South Korea can’t stop delivering content to the different streaming services and just by the end of the year, they debuted another Web series. One that will tap into the fever of those who want something a bit more magical and action-packed out of their Korean dramas. Island is a new fantasy series that will come to this side of the world at the hands of Amazon Prime Video. This is a show that will make for a cool New Year’s Eve watch if you are into demons and demon hunters battling it out.
The series is developed by TVING, and it is based on the webtoon of the same name, written and illustrated by Yoon In-wan, and Yang Kyung-il. The series stars Kim Nam-gil, Lee Da-hee, Cha Eun-woo, and Sung Joon. Island tells the story of Won Mi-ho, a woman, and heir to a big corporation, who travels to Jeju Island, only to find herself being pursued by strange demons. However, she will also meet Ban, a powerful warrior who is able to vanquish the demons from the earthy realm.
Island is truly a great production; you can see it in the quality of the actors and in the way, the action sequences are shot and presented to the viewer. Asian TV series and movies still have a hard time coming up with solid visual effects. Island is no different; there are a couple of spots here and there that look unfinished or not very well-made. But overall, the visual effects of the series are way above average, and they really manage to sell the fantastic elements of the series.
For those who have read or seen Hellsing, Island feels very much in line with that other story. We have secret organizations that battle these demons using living weapons. We also have cool priests ready to perform their duty no matter what, and of course, a villain that works from the shadows and whose motivations will be revealed to us in due time. There is nothing particularly original about the story here, nor the setup, but if it worked for Hellsing, there shouldn’t have any problem working here as well.
However, while the setup is cool, the characters do feel a bit thin in their execution. The actors are all fine; their performances are as solid as they can be, taking into account the material that has been provided to them. However, the characters themselves, in the way they are written, lean too much on the cool factor, and not much more. The result is characters that look cool, and do cool things, but are hard to describe when you ask questions about them. This is fine when we are talking about supporting characters, but when the main characters feel the same way, something might be lacking.
Fantasy stories can be some of the most entertaining and immersive, especially if the writers and filmmakers take the time to establish the world, its rules, and how these rules apply to characters living in this world. At least so far, Island hasn’t done this, and because of it, its fantasy world feels a bit more generic than it has to. The show really needs to go into details in a more aggressive way. Shallowness can be cool sometimes, not everything has to be as deep as The Lord of the Rings or similar stories, but the foundation should be solid enough so that the world can sustain the stories in it.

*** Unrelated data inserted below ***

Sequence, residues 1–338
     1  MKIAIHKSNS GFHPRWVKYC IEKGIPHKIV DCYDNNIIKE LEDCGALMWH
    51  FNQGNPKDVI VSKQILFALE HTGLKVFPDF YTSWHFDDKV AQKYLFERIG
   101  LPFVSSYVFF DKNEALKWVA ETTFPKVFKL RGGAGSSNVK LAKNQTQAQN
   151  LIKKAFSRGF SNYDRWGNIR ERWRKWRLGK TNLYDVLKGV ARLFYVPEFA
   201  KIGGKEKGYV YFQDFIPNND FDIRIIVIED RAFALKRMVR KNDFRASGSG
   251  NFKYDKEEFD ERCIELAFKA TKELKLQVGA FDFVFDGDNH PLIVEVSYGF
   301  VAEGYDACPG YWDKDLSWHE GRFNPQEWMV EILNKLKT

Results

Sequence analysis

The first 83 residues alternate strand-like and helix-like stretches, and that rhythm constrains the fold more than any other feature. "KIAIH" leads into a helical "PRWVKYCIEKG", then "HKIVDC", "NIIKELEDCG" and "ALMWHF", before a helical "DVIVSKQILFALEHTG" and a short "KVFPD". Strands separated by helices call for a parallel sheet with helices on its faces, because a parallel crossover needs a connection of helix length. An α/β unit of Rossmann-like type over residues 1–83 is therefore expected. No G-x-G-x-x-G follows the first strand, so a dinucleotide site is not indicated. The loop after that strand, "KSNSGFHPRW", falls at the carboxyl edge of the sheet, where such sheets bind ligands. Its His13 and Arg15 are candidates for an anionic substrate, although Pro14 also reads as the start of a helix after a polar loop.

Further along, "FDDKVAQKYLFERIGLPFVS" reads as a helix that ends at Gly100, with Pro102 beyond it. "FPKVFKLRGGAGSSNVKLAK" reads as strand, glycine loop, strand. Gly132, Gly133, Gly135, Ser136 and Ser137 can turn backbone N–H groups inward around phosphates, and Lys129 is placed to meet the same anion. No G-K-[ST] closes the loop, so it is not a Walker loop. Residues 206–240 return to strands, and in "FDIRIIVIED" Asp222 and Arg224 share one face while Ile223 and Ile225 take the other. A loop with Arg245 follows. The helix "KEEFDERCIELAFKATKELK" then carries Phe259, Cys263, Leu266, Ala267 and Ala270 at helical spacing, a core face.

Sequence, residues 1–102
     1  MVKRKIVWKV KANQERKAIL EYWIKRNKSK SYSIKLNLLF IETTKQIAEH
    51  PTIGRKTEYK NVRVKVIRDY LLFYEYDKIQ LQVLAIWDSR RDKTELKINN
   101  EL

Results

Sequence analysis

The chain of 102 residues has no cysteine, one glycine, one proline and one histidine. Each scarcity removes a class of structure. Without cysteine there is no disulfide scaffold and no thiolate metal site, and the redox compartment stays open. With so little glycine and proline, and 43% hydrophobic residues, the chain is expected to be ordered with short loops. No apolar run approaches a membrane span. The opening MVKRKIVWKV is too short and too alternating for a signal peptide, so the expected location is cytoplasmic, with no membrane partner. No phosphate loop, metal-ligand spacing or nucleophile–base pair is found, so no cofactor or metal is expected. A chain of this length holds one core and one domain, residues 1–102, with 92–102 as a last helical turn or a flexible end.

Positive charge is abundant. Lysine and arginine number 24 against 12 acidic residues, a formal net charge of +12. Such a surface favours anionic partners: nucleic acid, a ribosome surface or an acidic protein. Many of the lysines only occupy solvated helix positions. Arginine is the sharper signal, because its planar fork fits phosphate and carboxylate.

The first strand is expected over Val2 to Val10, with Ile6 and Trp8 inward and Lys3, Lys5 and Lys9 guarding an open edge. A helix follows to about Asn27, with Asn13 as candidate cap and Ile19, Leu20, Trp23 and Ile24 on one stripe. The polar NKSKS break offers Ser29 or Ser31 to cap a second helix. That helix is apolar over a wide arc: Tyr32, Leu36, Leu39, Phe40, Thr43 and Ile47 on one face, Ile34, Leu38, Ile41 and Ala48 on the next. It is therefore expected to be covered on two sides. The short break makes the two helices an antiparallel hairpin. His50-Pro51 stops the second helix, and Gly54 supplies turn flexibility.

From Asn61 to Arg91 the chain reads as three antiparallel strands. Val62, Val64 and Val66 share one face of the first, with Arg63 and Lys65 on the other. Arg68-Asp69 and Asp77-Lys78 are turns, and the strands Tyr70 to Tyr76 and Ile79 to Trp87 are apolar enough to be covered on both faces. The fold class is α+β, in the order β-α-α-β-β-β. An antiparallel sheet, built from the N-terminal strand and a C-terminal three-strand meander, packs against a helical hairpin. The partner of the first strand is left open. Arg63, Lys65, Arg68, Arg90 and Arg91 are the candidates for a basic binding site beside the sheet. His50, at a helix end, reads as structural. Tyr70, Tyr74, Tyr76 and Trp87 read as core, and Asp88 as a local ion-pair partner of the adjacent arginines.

Island has the possibility of becoming a series with such a foundation. The story sometimes goes back in time to explore bits and pieces of a character’s past. It also takes the chance to use these moments to explore some magic concepts, but these moments are too brief. It is a shame because these moments are some of the most interesting when it comes to worldbuilding. The potential is there, and we can only hope that the creators will jump into it and go all in.
Nevertheless, the series is just fun to watch. It isn’t precisely a comedy, though. Actually, there are very few moments of comedy or any sort of levity in the story. The ones that appear throughout the story stand out for being rare, but the show knows they are necessary to fight the sensation of being stale. The series mostly goes for the cool factor and does a good job at that. Ban’s magic abilities, for example, are quite amazing to see, and the battles have this effect that makes them seem like real battles between two entities that are beyond what humans can do.
In the end, Island feels like a nice attempt at executing some fun and cool fantasy storytelling. However, the characters are a bit thin, and the story doesn’t take full advantage of the world it is being set in. This is still a very fun series to watch and see how far visual effects have come along in the Asian TV industry. This might not end up being memorable, but it will be a fun experience as you watch it.